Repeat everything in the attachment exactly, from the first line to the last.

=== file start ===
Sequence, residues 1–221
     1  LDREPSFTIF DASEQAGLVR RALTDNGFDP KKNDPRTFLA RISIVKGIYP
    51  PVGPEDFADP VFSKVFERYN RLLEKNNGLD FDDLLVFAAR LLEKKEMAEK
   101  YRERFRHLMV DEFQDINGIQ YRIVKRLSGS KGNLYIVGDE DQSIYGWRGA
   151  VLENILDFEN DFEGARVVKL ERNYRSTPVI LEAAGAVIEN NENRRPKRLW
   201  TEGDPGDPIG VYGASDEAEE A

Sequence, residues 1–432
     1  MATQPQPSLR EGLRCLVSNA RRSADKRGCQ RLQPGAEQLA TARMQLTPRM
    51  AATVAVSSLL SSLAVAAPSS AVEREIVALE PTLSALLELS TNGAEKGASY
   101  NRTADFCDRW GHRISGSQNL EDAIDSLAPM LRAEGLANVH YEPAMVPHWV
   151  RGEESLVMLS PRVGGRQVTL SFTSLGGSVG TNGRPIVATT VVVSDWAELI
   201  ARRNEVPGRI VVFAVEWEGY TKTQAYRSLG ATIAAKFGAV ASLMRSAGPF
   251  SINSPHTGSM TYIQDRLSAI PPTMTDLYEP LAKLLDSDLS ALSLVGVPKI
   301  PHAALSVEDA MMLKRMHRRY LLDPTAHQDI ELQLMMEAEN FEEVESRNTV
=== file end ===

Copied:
Sequence, residues 1–221
     1  LDREPSFTIF DASEQAGLVR RALTDNGFDP KKNDPRTFLA RISIVKGIYP
    51  PVGPEDFADP VFSKVFERYN RLLEKNNGLD FDDLLVFAAR LLEKKEMAEK
   101  YRERFRHLMV DEFQDINGIQ YRIVKRLSGS KGNLYIVGDE DQSIYGWRGA
   151  VLENILDFEN DFEGARVVKL ERNYRSTPVI LEAAGAVIEN NENRRPKRLW
   201  TEGDPGDPIG VYGASDEAEE A

Sequence, residues 1–432
     1  MATQPQPSLR EGLRCLVSNA RRSADKRGCQ RLQPGAEQLA TARMQLTPRM
    51  AATVAVSSLL SSLAVAAPSS AVEREIVALE PTLSALLELS TNGAEKGASY
   101  NRTADFCDRW GHRISGSQNL EDAIDSLAPM LRAEGLANVH YEPAMVPHWV
   151  RGEESLVMLS PRVGGRQVTL SFTSLGGSVG TNGRPIVATT VVVSDWAELI
   201  ARRNEVPGRI VVFAVEWEGY TKTQAYRSLG ATIAAKFGAV ASLMRSAGPF
   251  SINSPHTGSM TYIQDRLSAI PPTMTDLYEP LAKLLDSDLS ALSLVGVPKI
   301  PHAALSVEDA MMLKRMHRRY LLDPTAHQDI ELQLMMEAEN FEEVESRNTV